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Grier’s New Album Proves the Blues Don’t Discriminate

Sturgeon Bay-based blues artist and former New York City subway busker Cathy Grier lives and breathes the blues. She says she tries not to label herself or be confined to the limits of genre, but to her, it’s more than just a genre: It’s a job, a passion and a medicine. 

“Blues has always been a part of who I am because I have experienced the blues,” Grier said. “I was thankful that as a teenager I had a guitar to play because that’s what saved my life in many ways. I lost my father when I was five, and I experienced hardships and love and loss, and I think that’s why the blues speak to me.”

Although the blues are a relatively simple style of music, it takes decades to truly master and “feel” them. As a working performer since 1978, Grier has developed her own style of blues, mixing her Bessie Smith-influenced vocal inflections with funk and R&B rhythms and compositional elements.

“Although traditional blues artists won’t call me blues, I call myself a blues artist because that’s what’s in my heart,” she said.

Grier is currently working on the final phase of her newest project,

Cover art by Rae Senarighi.

a full-production album titled “I’m All Burn,” which is set to release as soon as she can get it out of the studio. With the current circumstances of the COVID-19 pandemic, Grier and her recording engineer, Steve Hamilton, are unable to finish final production at Makin’ Sausage Music, a recording studio in Milwaukee.

“Releasing an album in the time of COVID-19 is such unknown territory,” she said. “For a DIY artist like myself – without record label support, when I’ve already made such an investment – it is not for the faint of heart.”

The record will feature 14 songs that Grier has been performing live since she moved to Sturgeon Bay in 2016 and three new songs that were written during Steel Bridge’s collaborative Love on Holiday event during three subsequent years.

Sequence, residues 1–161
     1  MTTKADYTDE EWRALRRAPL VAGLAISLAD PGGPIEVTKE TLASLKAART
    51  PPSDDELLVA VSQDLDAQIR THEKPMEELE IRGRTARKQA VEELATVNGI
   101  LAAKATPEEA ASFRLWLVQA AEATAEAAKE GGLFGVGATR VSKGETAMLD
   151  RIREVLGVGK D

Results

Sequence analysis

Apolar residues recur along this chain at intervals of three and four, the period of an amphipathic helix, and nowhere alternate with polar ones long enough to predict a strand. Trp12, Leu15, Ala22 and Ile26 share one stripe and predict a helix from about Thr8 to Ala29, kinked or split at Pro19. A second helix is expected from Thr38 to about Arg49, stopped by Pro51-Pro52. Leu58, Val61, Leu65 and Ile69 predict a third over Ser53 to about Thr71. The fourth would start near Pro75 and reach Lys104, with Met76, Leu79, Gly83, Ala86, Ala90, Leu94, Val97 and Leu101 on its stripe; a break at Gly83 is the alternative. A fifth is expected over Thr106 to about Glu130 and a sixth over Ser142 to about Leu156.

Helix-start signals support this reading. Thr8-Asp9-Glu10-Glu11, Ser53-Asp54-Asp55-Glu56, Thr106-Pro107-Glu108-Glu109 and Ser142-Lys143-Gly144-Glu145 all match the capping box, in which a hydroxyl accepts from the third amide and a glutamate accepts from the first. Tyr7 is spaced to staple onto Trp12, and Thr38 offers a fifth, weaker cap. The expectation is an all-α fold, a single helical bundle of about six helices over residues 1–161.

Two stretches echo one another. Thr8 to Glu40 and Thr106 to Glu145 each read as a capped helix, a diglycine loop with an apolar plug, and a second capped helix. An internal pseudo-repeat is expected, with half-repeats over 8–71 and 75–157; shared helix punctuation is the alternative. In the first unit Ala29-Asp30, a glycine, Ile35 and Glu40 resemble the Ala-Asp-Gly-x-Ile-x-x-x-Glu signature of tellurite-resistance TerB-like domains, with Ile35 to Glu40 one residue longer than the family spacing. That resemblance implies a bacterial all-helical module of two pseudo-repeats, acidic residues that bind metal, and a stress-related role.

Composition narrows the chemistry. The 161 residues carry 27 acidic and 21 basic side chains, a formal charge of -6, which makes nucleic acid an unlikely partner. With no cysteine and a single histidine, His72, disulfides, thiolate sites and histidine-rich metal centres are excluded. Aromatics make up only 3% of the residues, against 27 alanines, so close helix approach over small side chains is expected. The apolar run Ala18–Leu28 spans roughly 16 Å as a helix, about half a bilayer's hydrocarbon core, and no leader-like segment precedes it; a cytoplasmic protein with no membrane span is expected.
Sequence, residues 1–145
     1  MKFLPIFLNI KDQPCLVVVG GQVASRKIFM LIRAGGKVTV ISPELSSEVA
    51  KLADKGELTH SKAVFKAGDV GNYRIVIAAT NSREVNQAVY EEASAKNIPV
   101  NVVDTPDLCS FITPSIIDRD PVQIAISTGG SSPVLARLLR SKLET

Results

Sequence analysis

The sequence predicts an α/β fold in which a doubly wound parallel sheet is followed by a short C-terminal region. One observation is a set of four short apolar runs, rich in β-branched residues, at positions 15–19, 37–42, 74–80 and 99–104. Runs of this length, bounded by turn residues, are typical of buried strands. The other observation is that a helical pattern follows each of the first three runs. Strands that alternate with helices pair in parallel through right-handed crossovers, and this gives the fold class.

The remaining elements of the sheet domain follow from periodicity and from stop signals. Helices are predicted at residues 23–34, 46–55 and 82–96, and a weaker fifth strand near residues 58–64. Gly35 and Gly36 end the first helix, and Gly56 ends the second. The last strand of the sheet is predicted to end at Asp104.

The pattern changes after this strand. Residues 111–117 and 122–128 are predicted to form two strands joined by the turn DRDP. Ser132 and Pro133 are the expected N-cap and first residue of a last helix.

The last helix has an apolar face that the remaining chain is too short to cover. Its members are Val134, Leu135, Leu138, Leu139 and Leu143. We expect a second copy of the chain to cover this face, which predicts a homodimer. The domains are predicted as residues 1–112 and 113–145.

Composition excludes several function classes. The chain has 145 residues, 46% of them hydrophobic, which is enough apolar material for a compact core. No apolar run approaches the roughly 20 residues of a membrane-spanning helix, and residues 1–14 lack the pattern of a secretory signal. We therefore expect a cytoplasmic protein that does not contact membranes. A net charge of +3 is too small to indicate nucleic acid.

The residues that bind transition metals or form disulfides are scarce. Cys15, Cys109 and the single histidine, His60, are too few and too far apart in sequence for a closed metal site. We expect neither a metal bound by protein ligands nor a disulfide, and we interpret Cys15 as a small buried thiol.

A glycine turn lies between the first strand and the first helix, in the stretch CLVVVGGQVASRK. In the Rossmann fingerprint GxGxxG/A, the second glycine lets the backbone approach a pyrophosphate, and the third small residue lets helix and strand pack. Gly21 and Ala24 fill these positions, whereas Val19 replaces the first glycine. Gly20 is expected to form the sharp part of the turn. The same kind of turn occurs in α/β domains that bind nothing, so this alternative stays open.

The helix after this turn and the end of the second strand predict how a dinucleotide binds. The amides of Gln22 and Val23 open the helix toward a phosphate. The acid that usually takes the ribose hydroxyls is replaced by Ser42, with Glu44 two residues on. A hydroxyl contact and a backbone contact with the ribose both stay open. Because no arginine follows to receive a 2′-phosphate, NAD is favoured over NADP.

The title track, “I’m All Burn,” was written during the 2018 Love on Holiday sessions with Michael McKinnon and Matt Spodl. A 1950s comic book-style art piece of the same name by local artist B. Basch inspired the song. 

“As a lifelong feminist, I looked at the [objectification of women] portrayed in this art piece and had a visceral reaction to it, and I knew I had to make this song about the #MeToo movement,” Grier said. “In the comic panel, it’s this babe on the beach holding her bathing-suit top down, and she’s really saying, ‘I’m all burnt,’ but the artist cut off the ‘t,’ so it said, ‘I’m all burn.’ When I read that, I realized that that’s how I feel as a woman in the music industry, as a woman guitarist and as a woman audio engineer.”

Art by B. Basch.

Grier has always felt that it is her responsibility to advocate against social injustice through her music, even if her message doesn’t reach all of her listeners.

“I feel like it’s the least I can do,” she said. “I grew up in a time with the Vietnam War and the civil-rights movement, and I always felt that it is really good to speak my mind and to use the microphone for good.”

She feels that in 2020, the blues are as relevant as ever, and that the heady curative effect that playing the blues has on people is still the best remedy for feeling down.